Denial Often after learning of the death of a loved one, especially a sudden death, survivors experience a feeling of shock, numbness and disbelief that their loved one is gone. To be confronted by the death of a loved one is so horrible, devastating and absolute that many individuals are unable to comprehend the overwhelming news. Therefore, in order to process the shock, many survivors will immediately disbelieve that a loved one has died. Denial is a coping mechanism and a normal and functional grief reaction. Anger As the reality of facing life without a loved one sets in, many survivors feel frustrated, cheated and abandoned. Those left to grieve may become angry at their loved one for leaving them; at the doctors who should have done more; at other family members for not having the same feelings; and, in a case of death as a result of a violent crime, at the person or persons responsible for the crime, as well as the entire criminal justice system. Guilt Survivors may encounter intense feelings of guilt after someone they love has died. The guilt may come out of unresolved conflicts with the deceased, or through thinking they could have somehow prevented the death of their loved one. While guilt is a normal grief reaction, most often factors outside a survivor's control cause death. Therefore, it may help to process feelings of guilt to speak with individuals who knew the loved one, as well as the circumstances of the death, so that they may help the survivor realistically evaluate feelings of guilt and responsibility. Other Common Grief Reactions Include: Feelings of powerlessness Numbness Hypersensitivity Hyper-vigilance Overwhelming sense of loss and sorrow Disruptive sleep patterns Inability to concentrate Lethargy Fear and vulnerability Confusion Social withdrawal Change in eating habits Restricted ability to express emotion Questioning of faith Physical and financial problems Constant thoughts about the circumstances of the death. Sudden Death If you are dealing with the sudden death of a loved one, it is likely that you will experience several different emotional responses. It can affect your psychological and physical well-being. While there is no one way to make bereavement easier, there are some measures you can take to help you get through it without causing lasting damage to other areas of your life. There is often a misguided notion that grief is a process that allows a final working through of a loss. Any significant loss repeatedly brings up longing and sadness. SME therapists boldly claim that some people do not possess the ability to achieve closure by traversing prescribed stages of mourning or because they have not "worked through the loss". This may not be the case. It's because "you never get over loss". As time passes, the intensity of feelings about the loss will lessen, you might also find ways to sooth or distract yourself, or you can partially bury grief-related feelings by creating new memories. But you're not going to get over it because that's impossible: you cannot erase emotional memory. Besides, it's not about achieving closure. Instead you have to figure out what you are going to do when your emotional memories are later triggered. Grief Spasms Emotions that have to do with loss are triggered throughout our lives. Usually they are in the form of anniversary reactions, such as the birthday or death day of the lost loved one or any significant holiday in which you might want to be with the person who is gone. Reminders, such as visiting a place you've been with the person you lost, will trigger a similar response. Episodes of depression or anxiety that seem to come from nowhere may have been activated by anniversary reactions or situation-matching reactions. External reminders may trigger the emotions of grief, such as an anniversary or visiting places significant to memory of a loved one. Because grief is an emotion that sends a vague alert to help you to remember, rather than to forget. Even so, what most people do with grief is attempt to forget--to get over it--which is quite contrary to the purpose of the emotion. Rather than try to forget, one must attempt to remember and accept what the emotion is trying to convey. There are many ways to remember. You can remember what you learnt from the person you lost, remember what you enjoyed, and you can cry if you feel like crying. Even if your grief is about a relationship gone bad, there is always something that you can learn through recollection. Know What To Expect Emotions that are commonly felt during the grieving process include anger, sadness, disbelief, guilt and shock. Remaining aware of these responses to grief can help you manage your own symptoms and can help you console others. It is also important that you accept both the actual loss and the associated feelings. Talk To Someone For some people who are dealing with the loss of a loved one, it may help to be around family or friends. Talking with others who are also experiencing the loss may help you come to terms with what happened; it can additionally provide an outlet for sharing memories of the deceased. This is also a good way to receive and provide emotional support in the aftermath of a death. If friends or family members are not available to you, it may be helpful to join a support group or to see a grief counsellor. Consider The Children While dealing with your own grief, you will also need to help your children cope with the loss. How a child handles the death of a loved one can be affected by such things as developmental stage, how you cope with the loss, family stability and how the child is cared for afterwards. To help your child, you can explain death in an age-appropriate way that facilitates understanding, let the child know it is all right to show emotion, talk about the deceased with your child and allow the child to take part in rituals of mourning. How To Assist Someone Who Is Grieving Ask What Can Be Done To Help Someone who has experienced the loss of a loved one may need assistance with daily tasks, but may be unable to ask. Offer to help with logistical tasks such as phone calls to funeral directors, acquaintances, and credit card companies, or offer to babysit young children or care for pets. Listen Without Making Any Judgements Survivors may need to periodically speak with someone about what they are experiencing and feeling. It may be helpful to be available to a survivor to talk not only immediately after the loss, but occasionally thereafter, and especially on significant dates and holidays. Provide Information And Support Find out if there are appropriate and available support groups in the survivor's area. If the criminal justice system is involved, investigate services available to survivors through the system and the appropriate person(s) to call for further information and assistance. If there are legal issues, offer to call prospective attorneys. Acknowledge Feelings Of Loss Though emotions may be difficult, it is important for survivors to work through feelings of sorrow, anger, guilt, and other demonstrations of loss, and not be afraid to express them. Expressive outlets, such as conversations with others, drawing or writing, may prove helpful in articulating and coping with feelings of loss. Survivors should be patient with themselves. The grieving process takes time, and feelings of loss may not diminish quickly or easily. Be Patient With Others Many people, though well-meaning, can say inappropriate things to those who grieve. Most often people simply do not know what to say, and want to help, not hurt. An inappropriate remark may be an imperfect but well-intentioned expression of caring. Recognise Limits At first, survivors should expect to feel a multitude of emotions that may make it hard to cope with everyday tasks. If possible, survivors should seek to engage a strong support system, asking others to assist in the grieving process or to take over tasks that may prove too difficult or painful. Survivors may also want to have regular checkups with a physician in order to monitor possible stress-related physical ailments. Death Is Simply A Passing Over Every social culture and religious belief has a notion of what death really is. You may have your own person belief. Contemplating and discussing your beliefs will assist you with a better understanding and sense of release that your loved one's spirit is now in a vibrational state of peace. We are all spiritual beings deriving from source to experience life in the third dimensional state of matter. We all have a lifespan to experience birth and death many times over. Support Groups In adjusting to their lives after the loss of a loved one, many survivors find it helpful to share their feelings with others who are in similar circumstances. Many communities have support groups established through hospitals, churches or social service agencies that lend an atmosphere of support and empathy, which may normalise a survivor's reactions. Counselling Counselling with a professional therapist may be an option as well, for assistance and guidance through the grieving process. To maximise benefits from counselling, survivors should look for counsellors experienced in dealing with grief issues. If a death is a result of a violent crime, survivors may be able to receive reimbursement or direct payment for counselling expenses through their state's crime victims' compensation. Conclusion The grief process is often characterised as work because it is laborious and difficult. There is no timetable for grieving and everyone will manage the loss of a loved one differently. Loss forces survivors to readjust their lives in order to compensate and cope. Grief can be a long, painful process, but can be managed with assistance from friends, family members, or outside support. Survivors need to engage others in the grief process if possible, as doing so may assist them in attempting to reconstruct their lives after loss.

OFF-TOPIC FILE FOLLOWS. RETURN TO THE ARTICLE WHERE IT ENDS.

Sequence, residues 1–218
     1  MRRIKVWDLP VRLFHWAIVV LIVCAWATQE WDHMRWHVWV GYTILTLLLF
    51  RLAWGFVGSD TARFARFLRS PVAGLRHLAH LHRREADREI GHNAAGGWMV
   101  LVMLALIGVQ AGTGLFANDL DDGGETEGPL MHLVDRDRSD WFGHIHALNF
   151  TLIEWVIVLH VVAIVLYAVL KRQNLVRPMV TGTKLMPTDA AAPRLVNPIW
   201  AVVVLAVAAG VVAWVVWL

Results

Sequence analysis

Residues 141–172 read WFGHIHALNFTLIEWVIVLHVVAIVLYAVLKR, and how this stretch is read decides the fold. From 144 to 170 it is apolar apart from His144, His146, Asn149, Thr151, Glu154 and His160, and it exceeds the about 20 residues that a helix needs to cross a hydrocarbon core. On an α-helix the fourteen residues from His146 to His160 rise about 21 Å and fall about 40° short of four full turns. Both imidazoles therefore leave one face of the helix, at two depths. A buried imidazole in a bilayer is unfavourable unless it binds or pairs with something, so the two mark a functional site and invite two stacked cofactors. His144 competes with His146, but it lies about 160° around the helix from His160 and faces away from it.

Michael J Robey Psychic Medium | Psychic Investigator